World breastfeeding week

This week is world breastfeeding week. It is to remind us of the importance of breastfeeding and of course promote this natural phenomenon, which is so good for our babies, around the world.

While everyone can choose what is best for his/her family and babies, what I find disturbing is the amount of publicity and promotion of formula to 3rd world/underpriveleged countries. The disposable diaper industry has already corned appx. 25% of the monthly income of a lot of young couples, who 10 years ago would have simply used rags or leftover clothing to cloth diaper their babies. Sure, it might be convenient, but they are struggling to keep up with demand. I shudder to think if the formula market took hold there, how LITTLE disposable income there would be left for couples with children.

I struggled so hard with breastfeeding at first. Keeley was a preemie, and had severe jaundice. Just about the time she was starting to latch the day she was born, we were told we could no longer pick her up and hold her, that she couldn’t be kept out of her ‘warmer’ to nurse, because it was taking too long and jeopardizing her health. We were pressured to use formula. A breast pump was brought in ‘to supplement’. Well, Keeley immediately projectile vomited the formula. She happily took pumped colostrum, and eventually milk. Because we were not allowed to even attempt to nurse anymore (can’t nurse without holding*), I ended up pumping milk for 3 months. I was sick of pumping, and although I had managed to get her latched and fed her on one side, I had been pumping milk out of both sides for so long that I was getting 16 ounces at a go, and to NOT pump one side would have been disastrous. * Later we found out that we could have gotten a blanket with the special warmer in it for her and could have continued nursing attempts. You have no idea how livid I am about finding this out, literally when we were packing to leave. I could have had a much easier time….

Finally, I stuck out the ‘cold turkey’ away from the pump, and with some help from the la leche league, managed to get her latched on both sides. A couple of weeks later, she was a nursing champ and I was a very relieved mommy! Our nursing relationship lasted for 14 months beyond that. The day before Easter was her last nurse. I do still feel sad about it from time to time, but I know her personality would not allow for her to be a great nurser right now anyway. She has been extremely healthy, and although some of that can be contributed to staying at home and being away from other kids, a lot of it also has to do with getting antibodies and building a rock solid immune system for almost her first year and a half of life. Would I do it again? Absolutely. There were good times and bad times, funny times and poignant times, and downright painful times as well. I never had infections and I haven’t experienced stretched outedness or anything that other moms seem to complain about. All in all, a good experience. It’s all worth it in the end.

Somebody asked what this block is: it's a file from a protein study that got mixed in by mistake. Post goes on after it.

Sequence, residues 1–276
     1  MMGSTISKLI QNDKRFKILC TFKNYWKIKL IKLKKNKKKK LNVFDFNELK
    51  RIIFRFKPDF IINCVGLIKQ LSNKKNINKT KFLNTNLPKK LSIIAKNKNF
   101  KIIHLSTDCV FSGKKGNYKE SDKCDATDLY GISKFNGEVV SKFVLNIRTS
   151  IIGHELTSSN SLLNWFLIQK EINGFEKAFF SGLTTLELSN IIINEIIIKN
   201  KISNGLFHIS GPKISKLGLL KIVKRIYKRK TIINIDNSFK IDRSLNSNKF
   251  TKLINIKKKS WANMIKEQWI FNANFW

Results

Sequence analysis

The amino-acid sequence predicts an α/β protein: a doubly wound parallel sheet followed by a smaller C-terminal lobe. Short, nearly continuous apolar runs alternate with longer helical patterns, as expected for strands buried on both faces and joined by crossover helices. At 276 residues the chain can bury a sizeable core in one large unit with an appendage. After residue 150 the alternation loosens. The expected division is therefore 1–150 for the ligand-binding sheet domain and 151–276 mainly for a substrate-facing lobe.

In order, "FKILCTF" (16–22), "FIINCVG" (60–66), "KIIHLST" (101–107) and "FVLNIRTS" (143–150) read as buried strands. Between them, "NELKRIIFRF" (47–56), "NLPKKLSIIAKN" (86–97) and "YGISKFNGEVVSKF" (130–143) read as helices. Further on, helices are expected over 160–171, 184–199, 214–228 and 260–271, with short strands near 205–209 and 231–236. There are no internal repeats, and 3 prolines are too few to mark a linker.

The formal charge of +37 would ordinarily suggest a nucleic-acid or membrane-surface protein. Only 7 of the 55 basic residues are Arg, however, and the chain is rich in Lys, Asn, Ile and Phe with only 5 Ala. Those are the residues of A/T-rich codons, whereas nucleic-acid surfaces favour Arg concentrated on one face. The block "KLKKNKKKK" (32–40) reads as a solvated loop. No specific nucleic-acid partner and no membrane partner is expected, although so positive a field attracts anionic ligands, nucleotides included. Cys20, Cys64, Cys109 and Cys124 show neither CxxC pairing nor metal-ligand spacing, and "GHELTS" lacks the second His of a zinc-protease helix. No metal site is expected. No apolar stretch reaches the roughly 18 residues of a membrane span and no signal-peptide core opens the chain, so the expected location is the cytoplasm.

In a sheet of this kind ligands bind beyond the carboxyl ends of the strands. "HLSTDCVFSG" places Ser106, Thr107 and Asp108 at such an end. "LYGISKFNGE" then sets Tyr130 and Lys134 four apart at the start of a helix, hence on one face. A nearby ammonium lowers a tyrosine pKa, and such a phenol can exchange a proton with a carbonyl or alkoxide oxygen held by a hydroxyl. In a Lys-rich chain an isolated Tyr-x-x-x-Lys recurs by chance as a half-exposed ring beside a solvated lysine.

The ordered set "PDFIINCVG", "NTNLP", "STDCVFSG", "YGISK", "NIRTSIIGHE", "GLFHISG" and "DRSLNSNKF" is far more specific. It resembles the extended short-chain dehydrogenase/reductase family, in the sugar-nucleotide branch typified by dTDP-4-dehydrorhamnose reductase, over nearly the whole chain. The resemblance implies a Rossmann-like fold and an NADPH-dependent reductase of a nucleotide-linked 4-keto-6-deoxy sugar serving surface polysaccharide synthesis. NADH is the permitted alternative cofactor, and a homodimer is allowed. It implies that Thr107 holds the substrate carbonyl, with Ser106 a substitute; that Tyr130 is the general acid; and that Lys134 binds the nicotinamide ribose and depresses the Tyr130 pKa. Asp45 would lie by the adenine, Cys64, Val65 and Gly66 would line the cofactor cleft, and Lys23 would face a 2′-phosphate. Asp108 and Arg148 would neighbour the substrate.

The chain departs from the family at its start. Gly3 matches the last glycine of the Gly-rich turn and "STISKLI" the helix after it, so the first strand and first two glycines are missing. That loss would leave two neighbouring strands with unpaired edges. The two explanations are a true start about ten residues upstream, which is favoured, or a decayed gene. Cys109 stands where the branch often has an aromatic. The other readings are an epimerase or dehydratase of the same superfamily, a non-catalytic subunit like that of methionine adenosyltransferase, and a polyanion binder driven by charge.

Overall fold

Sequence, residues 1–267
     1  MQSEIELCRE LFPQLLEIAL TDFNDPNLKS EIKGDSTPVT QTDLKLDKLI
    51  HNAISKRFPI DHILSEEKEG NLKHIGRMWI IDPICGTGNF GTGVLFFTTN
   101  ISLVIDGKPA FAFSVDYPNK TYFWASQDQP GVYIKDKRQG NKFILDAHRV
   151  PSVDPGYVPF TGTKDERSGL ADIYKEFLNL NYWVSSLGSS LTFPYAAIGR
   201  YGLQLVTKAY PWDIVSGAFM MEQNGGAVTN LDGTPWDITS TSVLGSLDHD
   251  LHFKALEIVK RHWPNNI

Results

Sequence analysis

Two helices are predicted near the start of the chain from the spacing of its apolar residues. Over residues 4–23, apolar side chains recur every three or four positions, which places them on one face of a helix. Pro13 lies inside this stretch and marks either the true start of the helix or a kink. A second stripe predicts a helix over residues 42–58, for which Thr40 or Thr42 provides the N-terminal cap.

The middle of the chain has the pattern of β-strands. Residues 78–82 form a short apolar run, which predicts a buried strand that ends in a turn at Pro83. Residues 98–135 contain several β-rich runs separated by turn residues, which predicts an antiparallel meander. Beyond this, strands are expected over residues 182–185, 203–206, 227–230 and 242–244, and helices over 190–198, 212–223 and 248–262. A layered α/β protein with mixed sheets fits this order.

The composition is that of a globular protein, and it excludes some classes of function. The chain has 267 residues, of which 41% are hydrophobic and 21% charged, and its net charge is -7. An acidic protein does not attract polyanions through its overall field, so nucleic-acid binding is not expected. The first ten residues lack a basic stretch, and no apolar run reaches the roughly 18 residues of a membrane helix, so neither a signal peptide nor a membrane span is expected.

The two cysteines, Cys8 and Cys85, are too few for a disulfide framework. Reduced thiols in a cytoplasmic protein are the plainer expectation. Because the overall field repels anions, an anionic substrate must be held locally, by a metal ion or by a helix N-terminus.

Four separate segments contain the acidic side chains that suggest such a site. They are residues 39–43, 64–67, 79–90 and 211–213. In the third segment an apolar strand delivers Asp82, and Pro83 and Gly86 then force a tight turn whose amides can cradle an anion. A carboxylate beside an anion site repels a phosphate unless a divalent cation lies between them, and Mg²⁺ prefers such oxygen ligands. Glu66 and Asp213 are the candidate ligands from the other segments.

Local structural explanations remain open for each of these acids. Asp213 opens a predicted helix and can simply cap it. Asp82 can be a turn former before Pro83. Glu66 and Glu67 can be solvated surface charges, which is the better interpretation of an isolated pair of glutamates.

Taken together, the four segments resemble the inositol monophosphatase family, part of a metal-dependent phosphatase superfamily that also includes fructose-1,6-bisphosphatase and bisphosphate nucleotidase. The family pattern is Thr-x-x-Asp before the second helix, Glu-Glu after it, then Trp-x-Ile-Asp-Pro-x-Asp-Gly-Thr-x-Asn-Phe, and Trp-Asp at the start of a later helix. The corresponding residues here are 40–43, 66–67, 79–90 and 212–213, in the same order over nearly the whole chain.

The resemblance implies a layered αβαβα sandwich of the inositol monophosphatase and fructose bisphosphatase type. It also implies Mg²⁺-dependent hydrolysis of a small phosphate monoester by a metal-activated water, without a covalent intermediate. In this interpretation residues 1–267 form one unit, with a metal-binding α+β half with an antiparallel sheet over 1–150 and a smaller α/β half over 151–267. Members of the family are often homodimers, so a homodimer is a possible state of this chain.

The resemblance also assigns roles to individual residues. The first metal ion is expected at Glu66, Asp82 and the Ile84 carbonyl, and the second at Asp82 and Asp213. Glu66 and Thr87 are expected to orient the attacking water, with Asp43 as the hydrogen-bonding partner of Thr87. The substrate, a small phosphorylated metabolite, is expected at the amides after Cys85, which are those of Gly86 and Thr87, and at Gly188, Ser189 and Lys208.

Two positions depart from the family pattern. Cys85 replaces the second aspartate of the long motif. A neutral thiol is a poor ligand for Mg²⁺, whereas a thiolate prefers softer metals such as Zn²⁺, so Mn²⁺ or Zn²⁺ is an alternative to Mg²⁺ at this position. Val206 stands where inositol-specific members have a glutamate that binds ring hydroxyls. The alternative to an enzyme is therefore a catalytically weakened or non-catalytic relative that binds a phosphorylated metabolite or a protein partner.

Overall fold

What is your story? How long did you nurse? Once in the hospital? Not at all? What do you think about formula being mass marketed to underpriveleged countries. Is this American companies epitome of greed? Tip your sippy cup to someone who breastfeeds/breastfed their babies this week!


  1. I breast-fed my boy for 9 months. Some of my favorite memories are of us learning how to do that together in the middle of the night, alone in the hospital room with just the TV for light. He had a hard time getting started (and lost weight initially), but once he got it, boy did he! I was in a car accident when he was nine months old and the drugs didn’t allow me to nurse anymore. By the time they were out of my system and it was okay again, he’d discovered how much easier the bottle was and never came back to nursing. I was sad, but he was the one who made that decision.

  2. I wish that everyone who wants to nurse their babies would be supported and helped in any way possible.
    I remember the rocky start you had to your nursing relationship and I’m glad things worked out for you.

    I fondly remember my own nursing relationship with my kids, and am glad I was able to feed them.

    I don’t like a lot of things we market in other countries. I don’t like greed and the horrible people they have running those big corporations.

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